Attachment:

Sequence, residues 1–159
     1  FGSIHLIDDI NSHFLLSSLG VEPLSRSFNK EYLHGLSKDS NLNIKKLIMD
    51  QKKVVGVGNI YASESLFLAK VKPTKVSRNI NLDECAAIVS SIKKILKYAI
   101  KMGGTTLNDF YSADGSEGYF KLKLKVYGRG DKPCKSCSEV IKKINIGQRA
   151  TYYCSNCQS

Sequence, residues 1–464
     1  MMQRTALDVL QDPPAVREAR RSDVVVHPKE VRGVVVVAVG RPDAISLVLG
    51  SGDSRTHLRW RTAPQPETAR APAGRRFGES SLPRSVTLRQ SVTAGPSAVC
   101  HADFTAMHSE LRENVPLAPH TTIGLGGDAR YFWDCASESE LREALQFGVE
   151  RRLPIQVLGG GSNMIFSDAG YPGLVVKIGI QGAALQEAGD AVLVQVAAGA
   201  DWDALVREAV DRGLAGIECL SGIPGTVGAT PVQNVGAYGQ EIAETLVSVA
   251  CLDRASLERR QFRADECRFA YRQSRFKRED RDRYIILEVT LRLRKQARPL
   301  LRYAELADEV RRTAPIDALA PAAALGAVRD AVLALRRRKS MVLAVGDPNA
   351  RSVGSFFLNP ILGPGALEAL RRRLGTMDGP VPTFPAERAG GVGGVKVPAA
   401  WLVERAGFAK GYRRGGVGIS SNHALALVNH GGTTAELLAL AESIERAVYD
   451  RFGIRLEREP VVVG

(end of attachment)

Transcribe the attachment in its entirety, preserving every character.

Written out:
Sequence, residues 1–159
     1  FGSIHLIDDI NSHFLLSSLG VEPLSRSFNK EYLHGLSKDS NLNIKKLIMD
    51  QKKVVGVGNI YASESLFLAK VKPTKVSRNI NLDECAAIVS SIKKILKYAI
   101  KMGGTTLNDF YSADGSEGYF KLKLKVYGRG DKPCKSCSEV IKKINIGQRA
   151  TYYCSNCQS

Sequence, residues 1–464
     1  MMQRTALDVL QDPPAVREAR RSDVVVHPKE VRGVVVVAVG RPDAISLVLG
    51  SGDSRTHLRW RTAPQPETAR APAGRRFGES SLPRSVTLRQ SVTAGPSAVC
   101  HADFTAMHSE LRENVPLAPH TTIGLGGDAR YFWDCASESE LREALQFGVE
   151  RRLPIQVLGG GSNMIFSDAG YPGLVVKIGI QGAALQEAGD AVLVQVAAGA
   201  DWDALVREAV DRGLAGIECL SGIPGTVGAT PVQNVGAYGQ EIAETLVSVA
   251  CLDRASLERR QFRADECRFA YRQSRFKRED RDRYIILEVT LRLRKQARPL
   301  LRYAELADEV RRTAPIDALA PAAALGAVRD AVLALRRRKS MVLAVGDPNA
   351  RSVGSFFLNP ILGPGALEAL RRRLGTMDGP VPTFPAERAG GVGGVKVPAA
   401  WLVERAGFAK GYRRGGVGIS SNHALALVNH GGTTAELLAL AESIERAVYD
   451  RFGIRLEREP VVVG